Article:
Facebook unveils radical design overhaul

Facebook has unveiled a raft of new brand partnerships and design changes aimed to increase dwell time on the site.


The social network has partnered with brands including Spotify, The Guardian and The Independent to allow users to listen to music and read news without the need to leave the site.

Users can also seamlessly share their activity with partner brands on a newly designed live “ticker” that automatically updates when they interact with media to share the information with friends.

Facebook founder Mark Zuckerberg (pictured) told Facebook’s f8 conference in San Francisco: “We are making it so you can connect to anything you want. Now you don’t have to like a book, you can just read a book…you don’t have to like a movie, you can just watch a movie.”

Users’ profile pages have also been overhauled to appear more like an online scrapbook – dubbed Timeline – that can document every year of their lives with the photos they have uploaded, countries they have visited and apps they have interacted with.

Zuckerberg said: “Millions of people curate the stories of their lives on Facebook every day and have no way to share them once they fall off your profile page…the Timeline has three pieces: all your stories, all your apps and a new way to express who you are.”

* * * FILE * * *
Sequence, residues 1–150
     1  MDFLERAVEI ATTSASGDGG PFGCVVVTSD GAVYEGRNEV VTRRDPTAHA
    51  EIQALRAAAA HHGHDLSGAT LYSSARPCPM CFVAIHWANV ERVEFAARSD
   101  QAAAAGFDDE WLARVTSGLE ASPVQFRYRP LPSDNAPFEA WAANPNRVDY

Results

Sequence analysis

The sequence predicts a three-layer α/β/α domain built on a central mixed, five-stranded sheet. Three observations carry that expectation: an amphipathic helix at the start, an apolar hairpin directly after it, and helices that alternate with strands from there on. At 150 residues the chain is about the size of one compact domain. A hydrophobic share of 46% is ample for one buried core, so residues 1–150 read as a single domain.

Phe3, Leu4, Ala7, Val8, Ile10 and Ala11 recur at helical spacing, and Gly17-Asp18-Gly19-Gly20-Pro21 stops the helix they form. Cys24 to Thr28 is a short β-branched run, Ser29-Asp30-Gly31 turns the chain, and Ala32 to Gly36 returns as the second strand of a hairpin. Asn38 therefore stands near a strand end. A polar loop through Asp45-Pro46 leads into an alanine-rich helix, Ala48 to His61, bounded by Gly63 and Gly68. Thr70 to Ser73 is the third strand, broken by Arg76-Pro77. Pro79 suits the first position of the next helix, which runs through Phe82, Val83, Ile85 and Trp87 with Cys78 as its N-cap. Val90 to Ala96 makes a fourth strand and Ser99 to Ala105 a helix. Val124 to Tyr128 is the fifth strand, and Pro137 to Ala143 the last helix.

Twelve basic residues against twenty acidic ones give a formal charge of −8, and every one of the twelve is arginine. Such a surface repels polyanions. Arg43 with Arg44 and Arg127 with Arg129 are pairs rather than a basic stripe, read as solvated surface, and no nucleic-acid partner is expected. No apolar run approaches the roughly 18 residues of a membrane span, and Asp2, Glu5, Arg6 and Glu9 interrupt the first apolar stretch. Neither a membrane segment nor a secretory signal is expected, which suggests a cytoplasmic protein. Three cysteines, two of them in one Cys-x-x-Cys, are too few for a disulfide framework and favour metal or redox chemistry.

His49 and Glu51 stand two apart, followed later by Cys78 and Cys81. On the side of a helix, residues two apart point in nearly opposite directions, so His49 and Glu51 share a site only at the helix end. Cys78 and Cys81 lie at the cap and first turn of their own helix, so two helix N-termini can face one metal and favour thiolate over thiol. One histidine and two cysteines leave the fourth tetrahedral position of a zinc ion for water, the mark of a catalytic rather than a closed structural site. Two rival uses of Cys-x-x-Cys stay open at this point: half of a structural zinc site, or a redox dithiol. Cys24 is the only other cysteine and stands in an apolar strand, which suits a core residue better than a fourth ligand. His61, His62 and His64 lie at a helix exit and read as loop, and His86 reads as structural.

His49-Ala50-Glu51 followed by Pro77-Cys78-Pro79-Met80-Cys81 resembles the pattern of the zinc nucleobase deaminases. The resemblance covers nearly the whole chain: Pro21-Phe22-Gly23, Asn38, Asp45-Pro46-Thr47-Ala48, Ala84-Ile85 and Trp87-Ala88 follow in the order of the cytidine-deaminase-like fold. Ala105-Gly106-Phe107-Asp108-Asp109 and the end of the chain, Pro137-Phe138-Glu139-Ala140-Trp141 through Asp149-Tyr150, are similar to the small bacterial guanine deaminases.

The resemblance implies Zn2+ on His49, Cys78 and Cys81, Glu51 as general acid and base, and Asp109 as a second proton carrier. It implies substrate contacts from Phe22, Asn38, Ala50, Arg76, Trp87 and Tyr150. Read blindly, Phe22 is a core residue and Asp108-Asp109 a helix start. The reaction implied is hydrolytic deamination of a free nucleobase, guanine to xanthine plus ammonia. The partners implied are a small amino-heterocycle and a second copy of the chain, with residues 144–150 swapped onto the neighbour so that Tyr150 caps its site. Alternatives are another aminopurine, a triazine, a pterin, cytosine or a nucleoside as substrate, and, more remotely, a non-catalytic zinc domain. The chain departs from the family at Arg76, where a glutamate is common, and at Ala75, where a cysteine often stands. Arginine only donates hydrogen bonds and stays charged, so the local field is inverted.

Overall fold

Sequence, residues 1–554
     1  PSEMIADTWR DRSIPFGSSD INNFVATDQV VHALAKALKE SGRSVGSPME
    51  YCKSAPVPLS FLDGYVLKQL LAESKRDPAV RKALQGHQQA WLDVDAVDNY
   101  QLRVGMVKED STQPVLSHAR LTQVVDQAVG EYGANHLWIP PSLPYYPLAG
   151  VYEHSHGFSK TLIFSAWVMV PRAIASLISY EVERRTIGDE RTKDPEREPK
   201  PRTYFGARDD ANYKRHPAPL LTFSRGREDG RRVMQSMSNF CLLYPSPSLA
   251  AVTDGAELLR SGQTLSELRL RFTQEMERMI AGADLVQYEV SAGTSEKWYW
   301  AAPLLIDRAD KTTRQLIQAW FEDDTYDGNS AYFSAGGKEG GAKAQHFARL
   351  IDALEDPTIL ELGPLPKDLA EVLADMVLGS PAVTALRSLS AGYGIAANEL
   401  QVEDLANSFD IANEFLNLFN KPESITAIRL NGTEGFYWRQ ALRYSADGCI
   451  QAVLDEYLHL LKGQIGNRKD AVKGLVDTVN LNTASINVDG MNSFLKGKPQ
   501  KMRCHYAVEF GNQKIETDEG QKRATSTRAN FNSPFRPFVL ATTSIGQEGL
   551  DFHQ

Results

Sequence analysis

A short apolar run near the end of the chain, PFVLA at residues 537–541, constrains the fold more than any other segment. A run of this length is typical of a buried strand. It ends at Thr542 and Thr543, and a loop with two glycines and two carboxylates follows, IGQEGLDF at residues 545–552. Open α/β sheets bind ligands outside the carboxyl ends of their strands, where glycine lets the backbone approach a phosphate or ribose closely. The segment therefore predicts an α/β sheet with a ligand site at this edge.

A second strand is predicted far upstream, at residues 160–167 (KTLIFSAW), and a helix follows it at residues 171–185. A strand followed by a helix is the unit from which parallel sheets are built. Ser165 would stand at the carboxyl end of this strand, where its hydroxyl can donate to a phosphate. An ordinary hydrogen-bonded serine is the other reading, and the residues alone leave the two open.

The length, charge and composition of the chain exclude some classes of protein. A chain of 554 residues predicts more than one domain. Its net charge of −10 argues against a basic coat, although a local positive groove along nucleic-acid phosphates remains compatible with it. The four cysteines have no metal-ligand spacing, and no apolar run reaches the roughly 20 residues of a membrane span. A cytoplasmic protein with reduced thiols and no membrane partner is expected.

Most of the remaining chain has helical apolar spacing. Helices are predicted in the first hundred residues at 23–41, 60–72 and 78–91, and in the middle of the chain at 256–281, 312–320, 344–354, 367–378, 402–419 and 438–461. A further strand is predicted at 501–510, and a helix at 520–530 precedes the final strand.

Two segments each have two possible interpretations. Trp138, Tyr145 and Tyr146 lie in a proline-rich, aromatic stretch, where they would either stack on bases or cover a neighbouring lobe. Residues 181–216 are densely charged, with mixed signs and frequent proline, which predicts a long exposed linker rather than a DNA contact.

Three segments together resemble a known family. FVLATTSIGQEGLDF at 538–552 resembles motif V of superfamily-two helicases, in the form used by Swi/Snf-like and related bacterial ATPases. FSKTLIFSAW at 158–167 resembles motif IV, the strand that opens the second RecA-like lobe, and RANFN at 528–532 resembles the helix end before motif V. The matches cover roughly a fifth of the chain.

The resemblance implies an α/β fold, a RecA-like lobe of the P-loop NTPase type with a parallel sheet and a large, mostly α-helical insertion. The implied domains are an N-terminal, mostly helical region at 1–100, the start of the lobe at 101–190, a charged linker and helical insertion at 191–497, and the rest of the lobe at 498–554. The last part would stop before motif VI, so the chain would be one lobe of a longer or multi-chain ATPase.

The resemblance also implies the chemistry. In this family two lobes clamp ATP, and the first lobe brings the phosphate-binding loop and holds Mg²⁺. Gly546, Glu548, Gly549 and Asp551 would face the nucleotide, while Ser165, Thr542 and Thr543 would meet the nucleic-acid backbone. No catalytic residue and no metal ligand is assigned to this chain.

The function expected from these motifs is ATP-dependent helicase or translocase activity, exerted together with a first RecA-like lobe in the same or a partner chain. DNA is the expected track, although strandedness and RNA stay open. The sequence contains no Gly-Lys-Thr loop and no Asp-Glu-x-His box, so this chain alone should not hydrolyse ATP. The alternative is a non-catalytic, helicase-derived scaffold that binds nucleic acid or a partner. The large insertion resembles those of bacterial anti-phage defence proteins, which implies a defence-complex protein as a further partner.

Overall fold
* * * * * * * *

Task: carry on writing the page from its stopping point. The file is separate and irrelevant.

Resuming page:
The Timeline allows users – and brands on their official pages – greater autonomy over the way their design their profile pages, allowing them to highlight the most important aspects of the content that appears there and pick a banner image to cover the top of their page.

Facebook says all the sharing aspects of the new design will be opt in, which should allay initial privacy fears.
It is hoped the new changes will increase users’ dwell time on the website, meaning advertisers are likely to pay higher premiums to engage with its more engaged audience.

Daniel Ek, chief executive of Spotify, which will allow timelines to be populated with users’ listening habits, says: “The more engaged people are means people are more than twice as likely to pay for music. Social discovery on Facebook means we are going back to making people pay for music again.”

Zuckerberg also revealed at the event that half a billion people logged on to Facebook in a single day last week, almost the entire population of the European Union, breaking the internet record for a site outside of search.

Facebook European partners

The Guardian
Dailymotion and Myvideo
The Independent
Mixcloud and Souncloud

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